Archive for September, 2010

Posted from my iPhone to mywebspace

Wednesday, September 29th, 2010

Posted from my iphone to my webspace. Yes!

From Oswego Lake to the Willametter River

Tuesday, September 28th, 2010

With the lake drained, we won’t be doing any paddling on it this fall, a disappointment.

Neighbors walking across Half Moon Bay Sept. 19

So, we retrieved our kayaks from the easement and brought them home for storage. Yesterday, in an unusually adventurous mode, we tied the kayaks on the Volvo racks and drove down to the Sellwood Bridge Park public paddle boat launch on the Willamette River. It was our first time taking our own little 9 1/2 ft. boats out on the big river, but I had gone out from this launch once before, in demo boats from Next Adventure.

It was a perfect paddle day, clear blue skies, little wind and warm sunshine. Since it was my first time out, I especially love that surprise of seeing things for the very first time. As I was paddling slowly along the edge of a wild area, I noticed in the dappled light through the bushes on the beach, three male wood ducks and a couple of drab colored females. The patterns and colors on the males flashed clearly in the sunshine, and I was thrilled to add these families of beautiful Wood Ducks to my life list of birds I have seen with my own eyes in the wild. Being noticed, and my outburst of wordy joy, flushed them out and they flew off.

Lake Down

Monday, September 13th, 2010

Now I’m looking out at the lake, which has just been drained to accommodate the next phase of the sewer replacement project.

Lake Oswego\’s Half Moon Bay, nearly drained, mid-September

When we found out it was going to happen, I looked forward to it with a deep feeling of sadness. I will really miss looking at the water, the mesmerizing reflections, but especially I will miss the geese, the ducks, the coots, grebes and the herons who have wintered in the shelter of Half Moon Bay every winter before.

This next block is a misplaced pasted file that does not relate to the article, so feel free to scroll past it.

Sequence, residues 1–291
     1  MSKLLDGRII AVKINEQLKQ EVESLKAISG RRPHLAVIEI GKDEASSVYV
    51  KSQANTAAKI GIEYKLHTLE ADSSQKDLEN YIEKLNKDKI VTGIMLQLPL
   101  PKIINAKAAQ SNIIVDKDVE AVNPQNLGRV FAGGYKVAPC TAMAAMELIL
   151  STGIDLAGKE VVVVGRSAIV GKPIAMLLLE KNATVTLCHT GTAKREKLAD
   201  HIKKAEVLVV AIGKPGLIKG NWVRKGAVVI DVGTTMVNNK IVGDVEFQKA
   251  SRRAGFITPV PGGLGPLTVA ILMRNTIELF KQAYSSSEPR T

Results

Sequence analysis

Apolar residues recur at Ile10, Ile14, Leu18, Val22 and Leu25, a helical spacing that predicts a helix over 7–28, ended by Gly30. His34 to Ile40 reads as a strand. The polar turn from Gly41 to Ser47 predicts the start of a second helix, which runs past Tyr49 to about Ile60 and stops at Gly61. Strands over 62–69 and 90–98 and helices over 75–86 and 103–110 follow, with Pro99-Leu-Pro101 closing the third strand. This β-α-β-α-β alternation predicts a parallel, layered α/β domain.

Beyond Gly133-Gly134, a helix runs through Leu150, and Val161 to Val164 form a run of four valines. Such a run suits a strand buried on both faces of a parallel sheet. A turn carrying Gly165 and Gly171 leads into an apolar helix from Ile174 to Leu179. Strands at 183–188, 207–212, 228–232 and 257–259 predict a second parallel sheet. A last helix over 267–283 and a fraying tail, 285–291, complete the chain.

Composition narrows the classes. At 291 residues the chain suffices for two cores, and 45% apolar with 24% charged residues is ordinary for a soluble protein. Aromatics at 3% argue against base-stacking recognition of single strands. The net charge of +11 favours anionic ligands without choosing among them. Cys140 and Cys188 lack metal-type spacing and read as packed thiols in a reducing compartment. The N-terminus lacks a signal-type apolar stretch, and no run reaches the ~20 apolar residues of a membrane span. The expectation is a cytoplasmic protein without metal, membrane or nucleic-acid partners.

Nothing stays the same.

Monday, September 13th, 2010

Nothing stays the same. I can be sure that each new day will bring a surprise. But the morning Kitty died was the worst of surprises. She was doing great one day, and then the next morning she collapsed, unable to walk, throwing up, panting. There was no explanation in my mind other than thinking she had been poisoned somehow, and I had to take her to a veterinarian immediately for an antidote and some recovery time. However, they assessed the situation to be mortal, and basically insisted I authorize them to euthanize my friend. It was not something I wanted to do, nor had ever even considered such a scenario. My cat would die in her sleep at a very very old age, in peace at home. But no. My cat died when they injected her with some chemical I don’t even know the name of. It made everyone uncomfortable that I was not ready to let them proceed. I wanted to give her time, let us see how it may come to pass naturally, but they were intent on hastening the deed, getting on to other customers, getting me out of their office. I was distraught, upset, sad as hell. But not hysterical. They couldn’t make me leave her side. I had to be with her. I had to be close and touch her fur and softly talk to her. I kept telling her, it’s OK Kitty. But it wasn’t OK. And it was awful when I finally consented. I will never forget the moment from life to death. And then, through my tears, I looked deep into her open eyes, and it is true, there is no glint of light.

I took my dead cat home curled up in a small FedEx box. We buried her out in the yard, and planted pansies. At home for a couple of days I grieved deeply. And we all miss her.

The house is not the same without her around.